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How to Manage Communications with Distributed Teams

Updated: Feb 26

Projects may have resources located in various parts of the world. There may be developers in India, vendors in Europe, and stakeholders within the United States. Since there are only a couple of hours of overlap between these locations, how can a project manager ensure that the work gets done?


Empower Others


A project manager has to empower others to help get work done if the project is to be successful. The project manager cannot do everything on their own.


If the development team is in India the project manager will still need status as to how the development is going but also allow the tech team to talk about issues that came up. Since the entire tech team is located in India a possible strategy is to allow a project teammate also located in India to run those calls. This person becomes the focal for the India team.

There's no reason to wait until Eastern Time in the United States to have a tech discussion with the entire India team. The project manager can Just meet with the focal during the US time zone to attain status rather than having everyone from the India team wait until late at night to have a tech discussion.


This process can be leveraged to try and group resources from common geographic areas. Make sure someone is empowered to lead that group and get back to you with status. This expectation should be established at the beginning of the project.



Make sure the Meetings Scheduled Make Sense


Since the focals you selected will have people either staying up late or working early, the project manager needs to give them a good reason to attend calls. The project manager needs to establish a clear agenda for each call and provide linkage to the appropriate documentation.


If recurring meetings are planned, the project manager sets a clear communication plan with the participants early in the project. Only critical SMEs from each geographic area can report status as well as provide feedback if any technical discussion is required. Of course, alternates can be defined if those SMEs are not available.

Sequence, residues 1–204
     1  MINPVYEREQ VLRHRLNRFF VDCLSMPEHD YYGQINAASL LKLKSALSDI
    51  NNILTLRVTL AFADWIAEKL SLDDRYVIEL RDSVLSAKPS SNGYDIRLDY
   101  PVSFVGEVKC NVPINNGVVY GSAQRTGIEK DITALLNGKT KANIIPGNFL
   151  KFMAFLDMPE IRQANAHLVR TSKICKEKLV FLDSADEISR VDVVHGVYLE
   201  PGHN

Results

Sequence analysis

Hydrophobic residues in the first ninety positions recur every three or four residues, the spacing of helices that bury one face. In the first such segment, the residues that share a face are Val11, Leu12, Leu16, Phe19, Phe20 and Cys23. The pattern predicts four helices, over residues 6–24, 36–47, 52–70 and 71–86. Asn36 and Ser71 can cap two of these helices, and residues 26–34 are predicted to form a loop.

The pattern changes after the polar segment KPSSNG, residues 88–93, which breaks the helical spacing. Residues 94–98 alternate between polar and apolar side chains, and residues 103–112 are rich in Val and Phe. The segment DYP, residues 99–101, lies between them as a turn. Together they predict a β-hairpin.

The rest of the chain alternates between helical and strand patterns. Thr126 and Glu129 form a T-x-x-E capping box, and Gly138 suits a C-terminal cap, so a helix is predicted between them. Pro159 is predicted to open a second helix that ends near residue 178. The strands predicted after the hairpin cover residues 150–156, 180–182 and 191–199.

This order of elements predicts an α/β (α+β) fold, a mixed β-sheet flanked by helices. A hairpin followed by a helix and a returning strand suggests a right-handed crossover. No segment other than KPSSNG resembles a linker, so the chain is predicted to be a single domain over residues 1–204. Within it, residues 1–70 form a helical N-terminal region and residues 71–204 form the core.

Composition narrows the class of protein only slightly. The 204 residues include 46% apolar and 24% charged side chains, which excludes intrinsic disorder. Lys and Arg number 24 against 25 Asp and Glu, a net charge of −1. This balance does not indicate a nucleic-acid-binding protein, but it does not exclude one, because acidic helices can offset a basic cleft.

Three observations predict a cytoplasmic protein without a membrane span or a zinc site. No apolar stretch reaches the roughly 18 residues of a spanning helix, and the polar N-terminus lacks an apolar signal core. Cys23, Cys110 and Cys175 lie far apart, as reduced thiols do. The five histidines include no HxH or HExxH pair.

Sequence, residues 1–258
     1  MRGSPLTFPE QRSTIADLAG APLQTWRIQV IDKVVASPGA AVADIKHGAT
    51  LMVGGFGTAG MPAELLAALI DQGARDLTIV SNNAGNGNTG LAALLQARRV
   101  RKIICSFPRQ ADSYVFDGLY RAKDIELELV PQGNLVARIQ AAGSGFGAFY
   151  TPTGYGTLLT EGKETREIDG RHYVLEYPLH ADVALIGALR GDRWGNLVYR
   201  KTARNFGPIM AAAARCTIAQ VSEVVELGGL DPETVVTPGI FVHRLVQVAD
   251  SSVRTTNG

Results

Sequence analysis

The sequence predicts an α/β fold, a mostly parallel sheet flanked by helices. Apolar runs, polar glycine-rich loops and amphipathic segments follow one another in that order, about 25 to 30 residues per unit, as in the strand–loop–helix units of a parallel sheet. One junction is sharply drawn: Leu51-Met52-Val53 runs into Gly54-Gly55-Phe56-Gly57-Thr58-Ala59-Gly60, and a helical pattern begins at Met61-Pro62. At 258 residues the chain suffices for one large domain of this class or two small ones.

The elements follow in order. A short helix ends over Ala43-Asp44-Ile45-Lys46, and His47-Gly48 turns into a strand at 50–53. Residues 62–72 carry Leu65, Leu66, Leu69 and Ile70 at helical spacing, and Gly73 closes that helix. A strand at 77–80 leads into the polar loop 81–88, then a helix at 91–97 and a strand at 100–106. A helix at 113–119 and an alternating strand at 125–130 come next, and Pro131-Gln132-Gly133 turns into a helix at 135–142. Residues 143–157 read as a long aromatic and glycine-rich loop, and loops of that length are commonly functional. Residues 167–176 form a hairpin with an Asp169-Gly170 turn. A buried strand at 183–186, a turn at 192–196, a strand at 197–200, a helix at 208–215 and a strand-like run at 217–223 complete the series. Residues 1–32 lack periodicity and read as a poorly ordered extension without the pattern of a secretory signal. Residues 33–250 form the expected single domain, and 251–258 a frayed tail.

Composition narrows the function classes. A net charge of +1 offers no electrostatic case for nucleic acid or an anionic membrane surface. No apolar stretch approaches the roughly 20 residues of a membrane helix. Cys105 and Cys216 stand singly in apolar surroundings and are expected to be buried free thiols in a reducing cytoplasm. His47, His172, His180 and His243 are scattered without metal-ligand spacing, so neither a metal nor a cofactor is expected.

Teach Others to Communicate Effectively


Sometimes resources have a more timid style of communication than others. The project manager can help by setting expectations on how people should communicate. For example, if there is an urgent item that a resource needs to follow up on it is not enough that they just send an email and wait for a response. If the other person doesn't follow up, they must become a pest and IM that resource.


Also, it must be coached that sending IMs that only say: "Hi, Daniel" is not enough. Sending an IM should involve a greeting immediately followed by a question. For example: "Hi, Daniel. Did Joseph get back to you with the data mapping document? As a reminder, we need this by end of day."



Sometimes, if the recipient only sees "Hi, Daniel" as an IM ping, they may be too busy to immediately respond and they may be waiting for the actual question. If they don't see it, the assumption may be that there was no question.


In conclusion, managing distributed teams is a challenging proposition but not an impossible one. If clear expectations are made regarding communication this will help avoid any ambiguity.







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